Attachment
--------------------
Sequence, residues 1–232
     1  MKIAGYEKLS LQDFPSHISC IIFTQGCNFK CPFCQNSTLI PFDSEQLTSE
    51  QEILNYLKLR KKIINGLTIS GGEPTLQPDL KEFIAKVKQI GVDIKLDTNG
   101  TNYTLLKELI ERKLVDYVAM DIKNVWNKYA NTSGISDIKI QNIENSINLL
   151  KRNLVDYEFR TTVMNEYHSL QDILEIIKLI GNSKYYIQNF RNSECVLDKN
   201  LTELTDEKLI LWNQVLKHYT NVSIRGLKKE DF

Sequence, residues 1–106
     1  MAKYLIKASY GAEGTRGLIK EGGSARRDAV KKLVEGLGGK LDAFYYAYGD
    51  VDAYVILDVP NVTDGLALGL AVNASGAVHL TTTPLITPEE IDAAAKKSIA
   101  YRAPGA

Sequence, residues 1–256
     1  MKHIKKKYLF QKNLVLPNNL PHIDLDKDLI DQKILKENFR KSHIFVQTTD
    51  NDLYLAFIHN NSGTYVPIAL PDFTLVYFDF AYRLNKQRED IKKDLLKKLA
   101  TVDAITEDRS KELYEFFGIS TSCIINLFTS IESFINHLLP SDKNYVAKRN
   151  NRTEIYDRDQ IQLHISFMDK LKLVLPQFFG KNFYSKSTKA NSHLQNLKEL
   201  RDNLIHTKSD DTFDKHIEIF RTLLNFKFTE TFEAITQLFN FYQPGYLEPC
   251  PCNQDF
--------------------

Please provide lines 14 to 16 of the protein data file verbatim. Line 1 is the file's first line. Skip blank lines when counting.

   101  TVDAITEDRS KELYEFFGIS TSCIINLFTS IESFINHLLP SDKNYVAKRN
   151  NRTEIYDRDQ IQLHISFMDK LKLVLPQFFG KNFYSKSTKA NSHLQNLKEL
   201  RDNLIHTKSD DTFDKHIEIF RTLLNFKFTE TFEAITQLFN FYQPGYLEPC